Available On: PC
Developer: Zero Gravity
Publisher: Zero Gravity
Genre: First-Person Online Survival
Official Site: www.playhellion.com
Release Date: Feb 24, 2017
Where To Buy: Steam
After the….experience that was No Man’s Sky, the concept of space-based games with no clear end or objective has left a fairly bad taste in my mouth. While the overall idea is interesting, the practicality of a game like this seems out of reach or uncompelling. Combine that with my struggle with survival games and their inability to keep me interested, and it doesn’t exactly bode well for a game that describes itself as an online survival game set in space. And while it has some great things working for it, Hellion‘s early access still has some overarching issues to amend before a final game release.
Hellion is a first-person survival game created by Zero Gravity studios set in a galaxy light years away from ours. Centuries ahead of our current year, a mission was set to find a new place for life to strive, and a large ship with cryostasis pods full of potential explorers made its way to a new star called Hellion. Unfortunately, for reasons unknown at the start, this mission became a catastrophic failure, leaving all of those stuck in stasis to fend for themselves in this rough and empty terrain. You play one of these people, starting your journey by stepping out of your cryo chamber and into an escape shuttle. From there, it’s up to you to determine your next step, discover the story, and stay alive in this unknown galaxy.
This game has one major thing going for it above all else- realism. The painstaking detail put into every aspect of the scientific aspect of this space circumstance is actually sort of a marvel. Gravity feels uncontrolled and difficult to navigate, even with the jetpack. The jetpack itself requires you to use momentum and careful focus to get to where you want to go. The replacement of parts on your station and ship requires you to constantly make sure you don’t burn their usage and send your ship into a stasis. In order for you to dock your ship to a station or enter it yourself from space requires you to depressurize the chamber or lose all of that oxygen. Each aspect of this makes this game feel like an actual space simulation, with all of the details that require attention that you’d expect.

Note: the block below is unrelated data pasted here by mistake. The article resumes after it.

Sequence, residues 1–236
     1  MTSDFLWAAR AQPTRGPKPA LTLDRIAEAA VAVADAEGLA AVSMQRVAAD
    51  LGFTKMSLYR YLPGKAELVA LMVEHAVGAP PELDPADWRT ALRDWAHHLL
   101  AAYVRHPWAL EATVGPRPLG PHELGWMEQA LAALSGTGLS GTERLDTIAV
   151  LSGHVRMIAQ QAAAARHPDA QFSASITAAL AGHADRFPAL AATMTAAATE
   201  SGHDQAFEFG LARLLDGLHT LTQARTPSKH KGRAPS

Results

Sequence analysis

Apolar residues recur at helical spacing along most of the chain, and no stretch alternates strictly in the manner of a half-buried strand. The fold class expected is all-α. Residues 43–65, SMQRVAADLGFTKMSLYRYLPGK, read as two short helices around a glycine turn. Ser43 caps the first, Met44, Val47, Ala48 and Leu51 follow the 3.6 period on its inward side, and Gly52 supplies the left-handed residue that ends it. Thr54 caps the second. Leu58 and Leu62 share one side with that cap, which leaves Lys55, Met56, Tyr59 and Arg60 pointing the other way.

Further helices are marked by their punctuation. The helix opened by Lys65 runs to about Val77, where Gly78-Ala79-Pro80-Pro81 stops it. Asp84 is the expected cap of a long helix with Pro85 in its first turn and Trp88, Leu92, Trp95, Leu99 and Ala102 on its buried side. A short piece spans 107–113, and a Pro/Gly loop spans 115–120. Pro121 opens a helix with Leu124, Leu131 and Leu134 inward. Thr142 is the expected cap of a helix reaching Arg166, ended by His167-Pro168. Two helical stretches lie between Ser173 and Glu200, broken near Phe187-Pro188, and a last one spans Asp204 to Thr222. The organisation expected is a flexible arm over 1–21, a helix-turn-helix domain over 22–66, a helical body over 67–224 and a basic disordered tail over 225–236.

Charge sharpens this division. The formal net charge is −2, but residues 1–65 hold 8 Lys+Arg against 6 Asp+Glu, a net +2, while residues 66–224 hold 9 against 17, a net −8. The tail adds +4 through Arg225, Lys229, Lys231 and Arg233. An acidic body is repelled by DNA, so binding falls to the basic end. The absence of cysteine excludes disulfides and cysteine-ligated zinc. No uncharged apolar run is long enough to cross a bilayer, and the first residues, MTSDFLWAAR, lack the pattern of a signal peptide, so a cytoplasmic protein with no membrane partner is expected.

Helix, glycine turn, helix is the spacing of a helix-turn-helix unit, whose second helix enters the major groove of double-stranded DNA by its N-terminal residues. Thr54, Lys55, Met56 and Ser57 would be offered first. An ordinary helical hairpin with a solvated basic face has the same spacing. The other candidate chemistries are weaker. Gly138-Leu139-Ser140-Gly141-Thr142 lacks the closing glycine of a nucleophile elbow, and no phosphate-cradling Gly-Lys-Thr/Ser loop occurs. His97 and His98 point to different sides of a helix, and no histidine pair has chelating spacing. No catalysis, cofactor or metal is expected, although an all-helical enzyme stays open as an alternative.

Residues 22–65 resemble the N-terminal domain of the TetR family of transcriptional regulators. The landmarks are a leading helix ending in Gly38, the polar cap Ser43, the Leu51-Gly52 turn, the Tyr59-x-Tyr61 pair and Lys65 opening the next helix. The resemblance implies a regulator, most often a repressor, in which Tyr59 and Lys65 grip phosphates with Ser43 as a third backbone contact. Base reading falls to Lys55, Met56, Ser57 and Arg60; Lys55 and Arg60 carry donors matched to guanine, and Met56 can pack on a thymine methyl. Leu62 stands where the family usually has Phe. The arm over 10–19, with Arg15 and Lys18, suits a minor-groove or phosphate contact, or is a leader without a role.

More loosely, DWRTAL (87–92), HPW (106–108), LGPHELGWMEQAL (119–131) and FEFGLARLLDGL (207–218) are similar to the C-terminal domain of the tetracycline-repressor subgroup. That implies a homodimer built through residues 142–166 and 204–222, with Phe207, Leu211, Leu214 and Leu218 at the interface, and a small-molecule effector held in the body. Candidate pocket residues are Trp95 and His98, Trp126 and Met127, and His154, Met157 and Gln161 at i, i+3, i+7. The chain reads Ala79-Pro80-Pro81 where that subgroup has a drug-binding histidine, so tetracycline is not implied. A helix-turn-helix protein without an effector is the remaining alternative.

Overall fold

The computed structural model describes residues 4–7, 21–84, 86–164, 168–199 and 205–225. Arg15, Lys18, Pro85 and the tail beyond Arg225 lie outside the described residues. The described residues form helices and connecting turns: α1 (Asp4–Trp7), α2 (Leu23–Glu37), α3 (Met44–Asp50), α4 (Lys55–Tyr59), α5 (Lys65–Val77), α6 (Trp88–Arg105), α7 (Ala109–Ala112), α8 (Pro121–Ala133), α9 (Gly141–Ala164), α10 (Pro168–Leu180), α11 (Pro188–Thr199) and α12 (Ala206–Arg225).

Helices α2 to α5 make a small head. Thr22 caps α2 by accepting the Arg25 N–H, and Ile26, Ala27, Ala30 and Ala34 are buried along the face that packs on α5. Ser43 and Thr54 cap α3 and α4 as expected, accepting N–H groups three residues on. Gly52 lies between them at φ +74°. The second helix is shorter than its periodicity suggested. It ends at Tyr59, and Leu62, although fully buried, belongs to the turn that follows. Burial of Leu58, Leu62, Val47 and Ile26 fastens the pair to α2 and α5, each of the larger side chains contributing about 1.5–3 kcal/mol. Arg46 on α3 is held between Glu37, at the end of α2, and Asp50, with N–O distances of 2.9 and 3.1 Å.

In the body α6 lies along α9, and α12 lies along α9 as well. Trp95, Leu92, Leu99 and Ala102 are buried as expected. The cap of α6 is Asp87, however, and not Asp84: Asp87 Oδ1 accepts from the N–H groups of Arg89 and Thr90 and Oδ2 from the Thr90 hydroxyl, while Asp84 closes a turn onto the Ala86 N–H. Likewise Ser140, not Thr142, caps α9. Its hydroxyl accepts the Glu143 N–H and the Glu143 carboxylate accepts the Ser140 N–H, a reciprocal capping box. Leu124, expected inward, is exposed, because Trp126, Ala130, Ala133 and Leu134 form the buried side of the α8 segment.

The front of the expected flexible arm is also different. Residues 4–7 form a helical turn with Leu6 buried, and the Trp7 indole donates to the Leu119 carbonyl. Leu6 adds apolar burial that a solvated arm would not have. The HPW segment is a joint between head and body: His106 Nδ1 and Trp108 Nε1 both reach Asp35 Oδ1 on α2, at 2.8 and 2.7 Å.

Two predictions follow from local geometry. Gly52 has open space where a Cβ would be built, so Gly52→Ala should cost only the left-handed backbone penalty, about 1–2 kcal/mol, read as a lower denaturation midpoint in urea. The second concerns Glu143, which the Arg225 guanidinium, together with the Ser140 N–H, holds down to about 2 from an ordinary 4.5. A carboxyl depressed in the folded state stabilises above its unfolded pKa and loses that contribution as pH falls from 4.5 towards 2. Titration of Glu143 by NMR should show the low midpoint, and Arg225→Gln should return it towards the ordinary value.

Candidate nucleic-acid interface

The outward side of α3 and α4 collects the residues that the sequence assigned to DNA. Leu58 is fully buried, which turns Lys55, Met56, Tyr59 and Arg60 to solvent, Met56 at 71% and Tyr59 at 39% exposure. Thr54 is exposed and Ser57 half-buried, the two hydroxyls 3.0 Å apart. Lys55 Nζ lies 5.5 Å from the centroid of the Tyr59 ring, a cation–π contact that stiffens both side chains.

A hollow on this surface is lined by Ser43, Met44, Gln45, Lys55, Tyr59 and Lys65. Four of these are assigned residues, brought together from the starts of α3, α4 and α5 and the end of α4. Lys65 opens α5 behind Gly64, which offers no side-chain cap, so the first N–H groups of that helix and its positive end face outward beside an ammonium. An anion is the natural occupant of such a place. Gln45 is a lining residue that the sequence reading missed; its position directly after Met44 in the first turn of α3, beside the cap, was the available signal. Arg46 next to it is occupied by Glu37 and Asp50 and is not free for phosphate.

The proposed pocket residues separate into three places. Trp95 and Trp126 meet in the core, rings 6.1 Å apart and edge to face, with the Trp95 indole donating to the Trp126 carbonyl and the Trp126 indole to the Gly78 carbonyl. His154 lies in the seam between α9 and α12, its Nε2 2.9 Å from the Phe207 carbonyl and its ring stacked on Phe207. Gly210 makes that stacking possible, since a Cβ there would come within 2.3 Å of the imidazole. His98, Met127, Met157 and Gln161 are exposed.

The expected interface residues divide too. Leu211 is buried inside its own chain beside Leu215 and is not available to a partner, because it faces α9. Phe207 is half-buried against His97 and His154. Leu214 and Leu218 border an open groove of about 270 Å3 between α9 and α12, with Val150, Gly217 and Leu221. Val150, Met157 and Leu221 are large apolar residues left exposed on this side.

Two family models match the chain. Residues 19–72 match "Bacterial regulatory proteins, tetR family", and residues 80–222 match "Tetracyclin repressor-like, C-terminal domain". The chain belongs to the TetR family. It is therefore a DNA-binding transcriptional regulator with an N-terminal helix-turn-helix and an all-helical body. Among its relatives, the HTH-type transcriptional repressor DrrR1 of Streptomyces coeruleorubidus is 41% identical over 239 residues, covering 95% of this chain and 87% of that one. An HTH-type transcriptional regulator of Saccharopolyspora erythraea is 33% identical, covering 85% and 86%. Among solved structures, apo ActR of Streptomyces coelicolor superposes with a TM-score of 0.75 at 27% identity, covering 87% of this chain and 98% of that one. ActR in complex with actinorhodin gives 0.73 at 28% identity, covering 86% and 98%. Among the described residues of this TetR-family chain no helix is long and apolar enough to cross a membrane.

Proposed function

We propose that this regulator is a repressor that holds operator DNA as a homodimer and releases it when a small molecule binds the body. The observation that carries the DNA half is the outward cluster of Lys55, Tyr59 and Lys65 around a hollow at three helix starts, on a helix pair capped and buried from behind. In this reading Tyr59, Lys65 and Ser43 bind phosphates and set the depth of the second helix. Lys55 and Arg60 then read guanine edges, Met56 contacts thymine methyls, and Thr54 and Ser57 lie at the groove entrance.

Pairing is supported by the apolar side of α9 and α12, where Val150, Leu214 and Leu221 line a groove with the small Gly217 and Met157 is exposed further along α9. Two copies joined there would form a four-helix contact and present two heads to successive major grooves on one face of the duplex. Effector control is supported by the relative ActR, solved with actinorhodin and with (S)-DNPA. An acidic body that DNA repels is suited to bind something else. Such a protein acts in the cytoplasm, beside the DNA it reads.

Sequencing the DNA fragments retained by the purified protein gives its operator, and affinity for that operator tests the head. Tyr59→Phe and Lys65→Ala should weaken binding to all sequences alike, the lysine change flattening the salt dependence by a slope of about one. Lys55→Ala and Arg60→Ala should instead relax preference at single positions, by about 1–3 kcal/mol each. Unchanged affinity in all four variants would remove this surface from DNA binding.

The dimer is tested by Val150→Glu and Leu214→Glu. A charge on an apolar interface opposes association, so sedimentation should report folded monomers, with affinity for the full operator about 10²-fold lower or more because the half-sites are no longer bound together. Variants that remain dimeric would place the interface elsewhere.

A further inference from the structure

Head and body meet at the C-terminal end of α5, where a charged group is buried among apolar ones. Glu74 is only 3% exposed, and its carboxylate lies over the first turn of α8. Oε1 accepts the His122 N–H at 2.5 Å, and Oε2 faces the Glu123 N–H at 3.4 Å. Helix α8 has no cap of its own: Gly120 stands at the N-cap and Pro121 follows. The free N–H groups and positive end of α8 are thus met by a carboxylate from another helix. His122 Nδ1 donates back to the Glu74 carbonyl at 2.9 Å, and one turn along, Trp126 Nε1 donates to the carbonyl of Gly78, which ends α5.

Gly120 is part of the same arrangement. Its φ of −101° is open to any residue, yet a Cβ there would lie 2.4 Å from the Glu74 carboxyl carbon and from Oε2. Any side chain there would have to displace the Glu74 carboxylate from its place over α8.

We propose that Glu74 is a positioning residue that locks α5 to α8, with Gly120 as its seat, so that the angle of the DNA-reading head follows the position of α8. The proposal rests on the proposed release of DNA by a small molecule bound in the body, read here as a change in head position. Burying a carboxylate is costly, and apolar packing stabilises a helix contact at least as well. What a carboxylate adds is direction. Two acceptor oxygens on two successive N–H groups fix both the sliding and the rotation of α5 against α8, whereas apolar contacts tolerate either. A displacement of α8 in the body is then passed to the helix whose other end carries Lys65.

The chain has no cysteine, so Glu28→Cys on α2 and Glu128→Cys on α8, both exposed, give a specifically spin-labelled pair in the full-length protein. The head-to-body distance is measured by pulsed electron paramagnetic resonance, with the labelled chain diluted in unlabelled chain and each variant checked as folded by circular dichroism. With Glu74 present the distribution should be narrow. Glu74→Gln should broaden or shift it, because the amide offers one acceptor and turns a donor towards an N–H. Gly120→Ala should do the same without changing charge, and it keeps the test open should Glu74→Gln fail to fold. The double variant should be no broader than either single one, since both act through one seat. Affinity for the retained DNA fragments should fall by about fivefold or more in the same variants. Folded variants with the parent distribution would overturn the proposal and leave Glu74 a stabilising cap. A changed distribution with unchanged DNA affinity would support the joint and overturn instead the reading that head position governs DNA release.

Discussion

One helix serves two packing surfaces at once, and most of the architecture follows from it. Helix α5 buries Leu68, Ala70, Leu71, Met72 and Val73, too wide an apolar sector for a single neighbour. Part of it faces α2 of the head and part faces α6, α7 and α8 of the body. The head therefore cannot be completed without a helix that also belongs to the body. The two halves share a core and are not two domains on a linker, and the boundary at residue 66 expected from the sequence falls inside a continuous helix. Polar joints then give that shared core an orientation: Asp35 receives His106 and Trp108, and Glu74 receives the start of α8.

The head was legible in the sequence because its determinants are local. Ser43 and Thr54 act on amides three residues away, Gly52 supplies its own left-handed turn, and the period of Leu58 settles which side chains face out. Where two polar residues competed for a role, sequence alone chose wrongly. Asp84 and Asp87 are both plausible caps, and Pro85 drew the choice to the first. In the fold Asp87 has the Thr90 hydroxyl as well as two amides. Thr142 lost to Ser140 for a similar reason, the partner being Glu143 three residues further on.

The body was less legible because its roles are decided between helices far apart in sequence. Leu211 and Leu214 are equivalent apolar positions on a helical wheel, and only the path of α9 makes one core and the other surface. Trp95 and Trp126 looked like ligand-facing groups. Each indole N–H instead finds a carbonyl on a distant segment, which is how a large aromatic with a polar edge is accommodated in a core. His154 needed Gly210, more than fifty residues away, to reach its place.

At its core, this game is still a survival game, meaning you have to pay attention to your resources of power and oxygen. Fortunately, Hellion makes this process feel both important to your survival while also not seeming too terribly imposing. As you’ll probably die a few times when you first start, you quickly realize the different resources that need to be monitored and how quickly they can go away before you get some better equipment. It’s also an online game, so you can bring in some friends to help your chances, but at the cost of having to focus even more on your resources to make sure you both don’t run out of oxygen and die.
Unfortunately, at this point, that is all the good things I can say about the game because it still has some major problems. The first of these is that the difficulty barrier for newcomers, which is relatively everyone at this point, it massive. As you show up on a shuttle at the beginning, you’ll quickly find a lot of things you can grab with absolutely no idea how to use them. There’s no tutorial or walkthrough of fixing your shuttle up, and one wrong move can jettison yourself into space and force a restart. It took me three deaths before I had to go look up a video to see what I was doing wrong, only to find that there was no real explanation other than guessing to fix my issues.
On top of this, the menus are incredibly irritating to navigate, forcing you to drag and drop each of your things into your hands to use them rather than being able to toggle them. Also, when you actually get access to guns and ammo, keeping them in your hands is a problem since every door you have to open puts your weapon away, making PvP battles to already have a massive disadvantage. Above this, the game still feels very early access. You’ll notice this most when you play with a friend, as watching their character walk around is glitched and broken beyond the norm, as they’ll bounce off walls and phase through the floor.
While I appreciate the realism of the experience, the game still has a long, long way to go before it should hit your hands. Without a patch for the glitched aspects and an actual tutorial to guide you at first, this game just feels way too far out of reach for anyone to pick up and feel comfortable in. If you’re interested in a realistic space game, keep an eye on it and wait for patch notes. Otherwise, I’m sure No Man’s Sky is just about as good of a purchase.
- "Play Your Way" to the fullest experience
- Interesting and compelling story
- A large amount of customization
- Clunky combat
- Constantly respawning enemies deters exploration
- Occasional glitches